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Save the Children Australia welcomes findings of Royal Commission – calls for urgent action
Save the Children Australia welcomes the final report from the Royal Commission into Institutional Responses to Child Sexual Abuse and calls for urgent resourcing and funding to implement the recommendations.
Announced in 2012, the five-year royal commission received 41,770 calls, 25,774 letters, conducted 57 public hearings and 8,013 private sessions, and made 2,559 referrals to authorities – highlighting the prevalence of child sexual abuse, both historical and recent, in Australian institutions.
In particular, recommendation six is an excellent start, with the commission urging the Australian Government to establish a mechanism to oversee the development and implementation of a national strategy to prevent child sexual abuse.
The report also recommended the Australian Government and state and territory governments should prioritise improvements for children with disability, children from culturally and linguistically diverse backgrounds and Aboriginal and Torres Strait Islander children.
Importantly, the Royal Commission also discussed the need for all institutions engaged in child-related work, including detention institutions and those involving detention and detention-like practices, to implement the Child Safe Standards recommended by the commission, including that child safety is embedded in institutional leadership, governance and culture.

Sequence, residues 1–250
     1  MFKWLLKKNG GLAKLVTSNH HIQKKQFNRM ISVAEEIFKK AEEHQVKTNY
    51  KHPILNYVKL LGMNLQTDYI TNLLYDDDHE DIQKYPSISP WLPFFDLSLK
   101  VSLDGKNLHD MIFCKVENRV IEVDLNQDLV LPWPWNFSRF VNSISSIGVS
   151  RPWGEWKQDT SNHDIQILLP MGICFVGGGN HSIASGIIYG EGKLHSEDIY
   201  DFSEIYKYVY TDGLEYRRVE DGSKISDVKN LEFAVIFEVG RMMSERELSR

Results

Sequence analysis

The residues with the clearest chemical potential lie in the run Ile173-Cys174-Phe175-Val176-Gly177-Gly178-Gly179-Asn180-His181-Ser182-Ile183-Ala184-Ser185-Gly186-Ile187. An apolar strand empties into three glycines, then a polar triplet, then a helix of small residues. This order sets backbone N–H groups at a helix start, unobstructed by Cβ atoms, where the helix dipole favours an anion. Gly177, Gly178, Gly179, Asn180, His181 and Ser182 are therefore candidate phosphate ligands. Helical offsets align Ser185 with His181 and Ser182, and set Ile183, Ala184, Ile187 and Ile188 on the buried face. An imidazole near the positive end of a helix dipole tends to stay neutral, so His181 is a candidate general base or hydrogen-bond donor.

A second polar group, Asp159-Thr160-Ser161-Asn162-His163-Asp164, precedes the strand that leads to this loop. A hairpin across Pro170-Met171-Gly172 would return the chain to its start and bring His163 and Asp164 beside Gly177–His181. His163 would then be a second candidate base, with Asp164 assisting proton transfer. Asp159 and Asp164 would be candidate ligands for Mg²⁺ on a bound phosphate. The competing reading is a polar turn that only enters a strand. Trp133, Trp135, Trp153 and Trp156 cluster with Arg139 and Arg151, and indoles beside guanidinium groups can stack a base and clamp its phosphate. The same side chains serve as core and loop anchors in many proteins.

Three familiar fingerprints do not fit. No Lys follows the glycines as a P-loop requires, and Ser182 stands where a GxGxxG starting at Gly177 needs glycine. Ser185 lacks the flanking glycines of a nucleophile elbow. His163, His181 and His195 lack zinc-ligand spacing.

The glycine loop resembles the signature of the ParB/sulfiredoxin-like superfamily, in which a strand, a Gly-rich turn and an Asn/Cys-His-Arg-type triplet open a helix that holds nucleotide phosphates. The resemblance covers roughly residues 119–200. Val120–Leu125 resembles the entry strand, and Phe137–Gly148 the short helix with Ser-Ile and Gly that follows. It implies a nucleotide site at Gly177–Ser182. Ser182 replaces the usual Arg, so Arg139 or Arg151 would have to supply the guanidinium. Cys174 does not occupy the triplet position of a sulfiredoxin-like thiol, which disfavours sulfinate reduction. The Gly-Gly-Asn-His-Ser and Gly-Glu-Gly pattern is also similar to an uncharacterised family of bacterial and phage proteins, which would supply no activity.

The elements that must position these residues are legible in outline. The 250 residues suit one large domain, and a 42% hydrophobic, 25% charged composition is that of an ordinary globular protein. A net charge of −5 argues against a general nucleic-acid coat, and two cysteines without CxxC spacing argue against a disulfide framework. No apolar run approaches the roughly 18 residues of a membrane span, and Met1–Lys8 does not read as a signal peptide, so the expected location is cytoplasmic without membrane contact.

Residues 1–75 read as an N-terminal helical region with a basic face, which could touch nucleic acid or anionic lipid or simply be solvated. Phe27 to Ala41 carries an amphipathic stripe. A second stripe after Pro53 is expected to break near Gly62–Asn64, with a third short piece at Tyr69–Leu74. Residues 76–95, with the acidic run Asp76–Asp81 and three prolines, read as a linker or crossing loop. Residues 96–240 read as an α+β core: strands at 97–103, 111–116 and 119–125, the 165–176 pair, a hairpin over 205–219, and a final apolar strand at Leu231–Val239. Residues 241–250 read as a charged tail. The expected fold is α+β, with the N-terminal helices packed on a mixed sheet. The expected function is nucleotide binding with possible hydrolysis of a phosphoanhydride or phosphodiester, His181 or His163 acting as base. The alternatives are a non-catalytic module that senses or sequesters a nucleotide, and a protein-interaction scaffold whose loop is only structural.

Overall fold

Save the Children Australia Child Protection Advocate Karen Flanagan AM, who provided evidence to the commission, welcomed the commission’s recommendations released today and urged the government to take timely steps to implement these important measures.
“All children deserve the right to a safe and happy childhood. Sexual violence against children is devastating, and its impact can last a lifetime,” Ms Flanagan said.
“A just response is critical for those who have suffered at the hands of abusers, as is effective implementation of these recommendations, ensuring real changes to institutional cultures and structures to keep children safe.”
Principles for protecting children are internationally enshrined in the United Nations’ Convention on the Rights of a Child, and domestically guided by State and Territory legislation and the National Framework for Protecting Australia’s Children (2009- 2020). However, as shown through this inquiry, more must be done to end sexual violence against children.
“It is vital that organisations work in collaboration with community members, other child protection organisations and government to pool expertise and safeguard children effectively, ensuring the sins of the past are never repeated,” Ms Flanagan said.
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